follow Dictionary.com

Today's Word of the Day means...

hurt

[hurt] /hɜrt/
verb (used with object), hurt, hurting.
1.
to cause bodily injury to; injure:
He was badly hurt in the accident.
2.
to cause bodily pain to or in:
The wound still hurts him.
3.
to damage or decrease the efficiency of (a material object) by striking, rough use, improper care, etc.:
Moths can't hurt this suit because it's mothproof. Dirty oil can hurt a car's engine.
4.
to affect adversely; harm:
to hurt one's reputation; It wouldn't hurt the lawn if you watered it more often.
5.
to cause mental pain to; offend or grieve:
She hurt his feelings by not asking him to the party.
verb (used without object), hurt, hurting.
6.
to feel or suffer bodily or mental pain or distress:
My back still hurts.
7.
to cause bodily or mental pain or distress:
The blow to his pride hurt most.
8.
to cause injury, damage, or harm.
9.
to suffer want or need.
noun
10.
a blow that inflicts a wound; bodily injury or the cause of such injury.
11.
injury, damage, or harm.
12.
the cause of mental pain or offense, as an insult.
13.
Heraldry. a rounded azure.
adjective
14.
physically injured:
The hurt child was taken to the hospital.
15.
offended; unfavorably affected:
hurt pride.
16.
suggesting that one has been offended or is suffering in mind:
Take that hurt look off your face!
17.
damaged:
hurt merchandise.
Origin
1150-1200
1150-1200; (v.) Middle English hurten, hirten, herten to injure, damage, stumble, knock together, apparently < Old French hurter to knock (against), oppose (compare French heurter, orig. dial.), probably a verbal derivative of Frankish *hûrt ram, cognate with Old Norse hrūtr; (noun) Middle English < Old French, derivative of the v.
Related forms
hurtable, adjective
hurter, noun
unhurt, adjective
unhurting, adjective
Synonyms
3. mar, impair. 5. afflict, wound. 6. ache. 10. See injury. 12. cut, slight.
Dictionary.com Unabridged
Based on the Random House Dictionary, © Random House, Inc. 2014.
Cite This Source
Examples for hurting
  • Beyond that, labels are often explicit about whether the pesticide at hand is toxic to bees, and how to avoid hurting them.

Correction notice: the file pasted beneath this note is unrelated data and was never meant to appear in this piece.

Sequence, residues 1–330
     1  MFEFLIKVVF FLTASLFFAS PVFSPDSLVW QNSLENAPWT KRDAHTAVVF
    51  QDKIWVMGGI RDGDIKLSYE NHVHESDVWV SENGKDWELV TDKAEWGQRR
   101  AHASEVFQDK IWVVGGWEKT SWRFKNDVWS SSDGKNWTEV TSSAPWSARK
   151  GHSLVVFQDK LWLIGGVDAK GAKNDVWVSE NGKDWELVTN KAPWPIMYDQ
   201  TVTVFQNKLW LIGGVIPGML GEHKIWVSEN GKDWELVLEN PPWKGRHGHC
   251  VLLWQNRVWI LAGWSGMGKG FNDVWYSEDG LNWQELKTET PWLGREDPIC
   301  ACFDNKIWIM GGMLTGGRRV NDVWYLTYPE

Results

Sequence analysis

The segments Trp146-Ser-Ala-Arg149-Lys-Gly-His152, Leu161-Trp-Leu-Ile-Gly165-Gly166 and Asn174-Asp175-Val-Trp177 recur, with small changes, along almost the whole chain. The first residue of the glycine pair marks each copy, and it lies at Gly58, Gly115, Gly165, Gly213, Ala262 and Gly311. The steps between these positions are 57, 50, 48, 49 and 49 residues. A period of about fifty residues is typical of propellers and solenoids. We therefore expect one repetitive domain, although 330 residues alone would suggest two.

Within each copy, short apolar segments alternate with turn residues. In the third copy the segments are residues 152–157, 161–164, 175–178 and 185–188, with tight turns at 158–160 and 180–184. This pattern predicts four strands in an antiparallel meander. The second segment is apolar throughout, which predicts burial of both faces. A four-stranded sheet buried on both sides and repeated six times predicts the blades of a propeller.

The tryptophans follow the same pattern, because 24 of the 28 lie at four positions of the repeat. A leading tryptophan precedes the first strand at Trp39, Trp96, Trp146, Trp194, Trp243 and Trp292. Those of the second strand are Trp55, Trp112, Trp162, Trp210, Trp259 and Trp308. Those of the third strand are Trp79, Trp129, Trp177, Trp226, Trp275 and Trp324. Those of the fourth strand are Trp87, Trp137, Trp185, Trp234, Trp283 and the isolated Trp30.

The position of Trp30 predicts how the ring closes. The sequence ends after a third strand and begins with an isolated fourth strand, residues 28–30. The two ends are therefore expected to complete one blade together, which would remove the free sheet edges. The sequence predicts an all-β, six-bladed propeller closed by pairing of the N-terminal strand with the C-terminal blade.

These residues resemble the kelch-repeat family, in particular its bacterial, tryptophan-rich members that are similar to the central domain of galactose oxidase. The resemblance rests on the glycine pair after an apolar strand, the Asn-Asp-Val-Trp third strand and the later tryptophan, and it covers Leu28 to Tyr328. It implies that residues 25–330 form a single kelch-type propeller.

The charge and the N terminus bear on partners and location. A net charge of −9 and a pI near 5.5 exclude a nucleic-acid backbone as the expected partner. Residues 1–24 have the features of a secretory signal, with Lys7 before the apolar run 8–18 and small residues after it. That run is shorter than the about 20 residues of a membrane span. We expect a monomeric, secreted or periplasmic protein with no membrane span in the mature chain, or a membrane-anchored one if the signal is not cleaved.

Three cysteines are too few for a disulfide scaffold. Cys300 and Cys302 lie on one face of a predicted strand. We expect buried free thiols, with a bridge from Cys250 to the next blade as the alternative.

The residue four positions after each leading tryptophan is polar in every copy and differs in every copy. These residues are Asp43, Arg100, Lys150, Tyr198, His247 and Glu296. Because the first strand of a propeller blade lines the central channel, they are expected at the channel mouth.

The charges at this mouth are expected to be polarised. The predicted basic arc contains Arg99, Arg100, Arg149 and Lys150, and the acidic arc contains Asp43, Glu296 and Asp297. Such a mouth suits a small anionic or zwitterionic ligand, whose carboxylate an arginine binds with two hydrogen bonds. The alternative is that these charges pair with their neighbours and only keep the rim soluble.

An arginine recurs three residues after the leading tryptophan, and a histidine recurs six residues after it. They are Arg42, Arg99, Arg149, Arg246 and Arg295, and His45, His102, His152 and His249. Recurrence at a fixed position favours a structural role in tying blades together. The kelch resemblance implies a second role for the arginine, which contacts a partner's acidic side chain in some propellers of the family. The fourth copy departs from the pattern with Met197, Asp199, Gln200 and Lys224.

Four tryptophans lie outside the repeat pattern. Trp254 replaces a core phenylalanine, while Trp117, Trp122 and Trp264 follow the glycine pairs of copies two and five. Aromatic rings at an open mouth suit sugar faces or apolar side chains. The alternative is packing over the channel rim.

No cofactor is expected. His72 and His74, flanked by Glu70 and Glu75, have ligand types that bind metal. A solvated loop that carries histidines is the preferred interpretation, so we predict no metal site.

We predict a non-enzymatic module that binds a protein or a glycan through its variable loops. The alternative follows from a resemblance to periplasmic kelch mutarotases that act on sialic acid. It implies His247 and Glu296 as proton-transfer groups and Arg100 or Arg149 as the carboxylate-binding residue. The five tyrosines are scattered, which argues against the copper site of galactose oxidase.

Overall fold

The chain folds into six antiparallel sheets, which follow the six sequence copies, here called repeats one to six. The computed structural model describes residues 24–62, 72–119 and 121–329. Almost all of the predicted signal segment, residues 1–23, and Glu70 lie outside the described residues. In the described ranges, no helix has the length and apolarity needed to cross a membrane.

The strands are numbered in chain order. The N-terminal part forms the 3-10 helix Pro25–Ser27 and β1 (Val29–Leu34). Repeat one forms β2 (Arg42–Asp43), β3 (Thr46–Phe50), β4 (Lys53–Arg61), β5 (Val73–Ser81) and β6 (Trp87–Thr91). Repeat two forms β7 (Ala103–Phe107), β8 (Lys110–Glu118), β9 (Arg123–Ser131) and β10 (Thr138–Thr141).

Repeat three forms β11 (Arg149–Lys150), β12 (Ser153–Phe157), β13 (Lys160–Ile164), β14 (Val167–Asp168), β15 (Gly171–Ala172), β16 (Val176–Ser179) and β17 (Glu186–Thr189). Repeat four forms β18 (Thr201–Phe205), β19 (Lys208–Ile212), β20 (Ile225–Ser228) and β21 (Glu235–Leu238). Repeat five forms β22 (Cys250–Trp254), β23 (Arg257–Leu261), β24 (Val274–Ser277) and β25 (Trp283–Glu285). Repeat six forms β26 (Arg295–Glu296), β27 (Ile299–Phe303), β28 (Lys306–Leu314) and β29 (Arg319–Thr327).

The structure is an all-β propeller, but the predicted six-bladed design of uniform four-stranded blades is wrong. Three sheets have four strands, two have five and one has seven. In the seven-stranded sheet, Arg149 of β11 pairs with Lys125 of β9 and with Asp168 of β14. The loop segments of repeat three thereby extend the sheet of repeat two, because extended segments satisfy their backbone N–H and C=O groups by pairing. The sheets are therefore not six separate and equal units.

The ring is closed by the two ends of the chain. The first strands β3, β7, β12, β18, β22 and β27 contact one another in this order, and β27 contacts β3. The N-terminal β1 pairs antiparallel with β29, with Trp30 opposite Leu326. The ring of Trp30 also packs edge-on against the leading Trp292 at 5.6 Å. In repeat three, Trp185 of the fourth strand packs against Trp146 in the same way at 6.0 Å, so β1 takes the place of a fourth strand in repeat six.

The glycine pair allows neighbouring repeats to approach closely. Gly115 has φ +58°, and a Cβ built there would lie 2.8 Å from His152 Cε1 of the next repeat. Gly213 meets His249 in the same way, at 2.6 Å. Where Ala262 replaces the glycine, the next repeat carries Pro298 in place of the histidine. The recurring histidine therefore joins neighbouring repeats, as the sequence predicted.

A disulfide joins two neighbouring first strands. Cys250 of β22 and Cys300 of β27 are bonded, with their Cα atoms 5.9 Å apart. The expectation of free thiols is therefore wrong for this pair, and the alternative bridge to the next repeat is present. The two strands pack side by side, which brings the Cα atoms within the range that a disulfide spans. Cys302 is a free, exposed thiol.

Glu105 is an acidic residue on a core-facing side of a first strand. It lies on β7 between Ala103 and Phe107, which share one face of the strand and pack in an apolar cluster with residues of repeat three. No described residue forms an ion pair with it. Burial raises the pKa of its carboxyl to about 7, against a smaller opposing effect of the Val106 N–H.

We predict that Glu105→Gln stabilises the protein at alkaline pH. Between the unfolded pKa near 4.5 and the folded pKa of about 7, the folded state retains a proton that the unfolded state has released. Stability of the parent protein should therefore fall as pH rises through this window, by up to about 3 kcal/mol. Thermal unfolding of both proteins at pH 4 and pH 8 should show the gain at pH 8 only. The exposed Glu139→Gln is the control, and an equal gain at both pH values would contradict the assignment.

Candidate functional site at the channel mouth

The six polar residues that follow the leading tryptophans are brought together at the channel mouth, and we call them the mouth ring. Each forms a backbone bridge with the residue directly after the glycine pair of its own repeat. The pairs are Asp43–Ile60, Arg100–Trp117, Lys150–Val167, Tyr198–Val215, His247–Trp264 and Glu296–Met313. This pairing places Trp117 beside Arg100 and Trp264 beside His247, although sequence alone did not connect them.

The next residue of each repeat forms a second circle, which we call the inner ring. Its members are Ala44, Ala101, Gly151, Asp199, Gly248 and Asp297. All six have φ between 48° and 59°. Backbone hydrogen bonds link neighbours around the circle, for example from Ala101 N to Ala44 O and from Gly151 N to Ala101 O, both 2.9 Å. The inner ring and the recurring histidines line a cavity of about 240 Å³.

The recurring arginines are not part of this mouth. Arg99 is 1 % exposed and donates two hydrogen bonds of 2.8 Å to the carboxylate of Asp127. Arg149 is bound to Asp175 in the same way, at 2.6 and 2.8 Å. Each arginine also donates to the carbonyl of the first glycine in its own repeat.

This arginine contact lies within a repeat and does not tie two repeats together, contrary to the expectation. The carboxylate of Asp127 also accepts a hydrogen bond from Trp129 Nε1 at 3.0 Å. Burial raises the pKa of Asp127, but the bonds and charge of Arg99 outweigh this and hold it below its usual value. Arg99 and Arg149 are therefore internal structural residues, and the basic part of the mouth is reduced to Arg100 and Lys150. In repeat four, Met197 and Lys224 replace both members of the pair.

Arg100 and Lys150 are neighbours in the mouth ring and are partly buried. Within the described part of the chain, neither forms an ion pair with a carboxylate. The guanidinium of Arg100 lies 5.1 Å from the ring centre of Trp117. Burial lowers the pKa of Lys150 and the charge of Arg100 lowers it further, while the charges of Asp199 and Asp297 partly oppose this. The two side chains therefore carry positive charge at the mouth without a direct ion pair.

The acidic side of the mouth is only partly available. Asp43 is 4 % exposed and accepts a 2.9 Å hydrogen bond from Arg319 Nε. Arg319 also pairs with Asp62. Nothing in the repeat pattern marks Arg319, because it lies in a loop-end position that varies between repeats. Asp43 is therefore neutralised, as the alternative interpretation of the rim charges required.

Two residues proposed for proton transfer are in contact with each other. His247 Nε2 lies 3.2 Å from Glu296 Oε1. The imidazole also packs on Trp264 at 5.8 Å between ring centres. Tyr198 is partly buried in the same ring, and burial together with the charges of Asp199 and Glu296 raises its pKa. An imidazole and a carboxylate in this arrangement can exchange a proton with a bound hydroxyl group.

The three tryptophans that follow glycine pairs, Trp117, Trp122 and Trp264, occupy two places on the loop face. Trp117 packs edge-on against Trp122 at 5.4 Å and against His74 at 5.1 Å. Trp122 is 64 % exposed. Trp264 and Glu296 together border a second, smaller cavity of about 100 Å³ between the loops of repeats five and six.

• But your activities are hurting your own species in the long run.
  • It was always after finally buying the new running shoes that my knees would start hurting again.
  • He instinctively shrank from hurting anybody's feelings.
  • He had no intention of hurting himself, but the accident occurred.
  • He cannot be mischievous or wicked without hurting himself.
  • It's laughable to suggest that he was lowering the trade value of these players, or hurting their motivation.
  • Student audiences often find her rhetoric unsettling and she ends up hurting the feelings of numerous other groups.
  • She couldn't write well, and she didn't want to let it show, even if it meant hurting me by seeming cold.
  • Some- one suggested he had fallen so many times that he knew how to take a tum- ble without hurting himself.
British Dictionary definitions for hurting

hurt1

/hɜːt/
verb hurts, hurting, hurt
1.
to cause physical pain to (someone or something)
2.
to cause emotional pain or distress to (someone)
3.
to produce a painful sensation in (someone) the bruise hurts
4.
(intransitive) (informal) to feel pain
noun
5.
physical, moral, or mental pain or suffering
6.
a wound, cut, or sore
7.
damage or injury; harm
adjective
8.
injured or pained physically or emotionally a hurt knee, a hurt look
Derived Forms
hurter, noun
Word Origin
C12 hurten to hit, from Old French hurter to knock against, probably of Germanic origin; compare Old Norse hrūtr ram, Middle High German hurt a collision

hurt2

/hɜːt/
noun
1.
(Southern English, dialect) another name for whortleberry
Collins English Dictionary - Complete & Unabridged 2012 Digital Edition
© William Collins Sons & Co. Ltd. 1979, 1986 © HarperCollins
Publishers 1998, 2000, 2003, 2005, 2006, 2007, 2009, 2012
Cite This Source
Word Origin and History for hurting
hurt
c.1200, from O.Fr. hurter "to ram, strike, collide," perhaps from Frank. *hurt (cf. M.H.G. hurten "run at, collide," O.N. hrutr "ram"). Sense of "injury" is purely an Eng. development. Sense of "knock" died out 17c., but cf. hurtle.
Online Etymology Dictionary, © 2010 Douglas Harper
Cite This Source
Slang definitions & phrases for hurting

hurting

adjective

In great need; in distress: Guys, the last thing we want is to seem to be hurting for money (Armed forces & students fr black 1940s+)


hurt

adjective

Ugly; ill-favored; piss-ugly: I never saw anyone as hurt as her boyfriend (1980s+ Teenagers)


The Dictionary of American Slang, Fourth Edition by Barbara Ann Kipfer, PhD. and Robert L. Chapman, Ph.D.
Copyright (C) 2007 by HarperCollins Publishers.
Cite This Source
Idioms and Phrases with hurting
The American Heritage® Idioms Dictionary
Copyright © 2002, 2001, 1995 by Houghton Mifflin Company. Published by Houghton Mifflin Company.
Cite This Source

Word of The Day

Difficulty index for hurt

Most English speakers likely know this word

Word Value for hurting

11
13
Scrabble Words With Friends

Quotes with hurting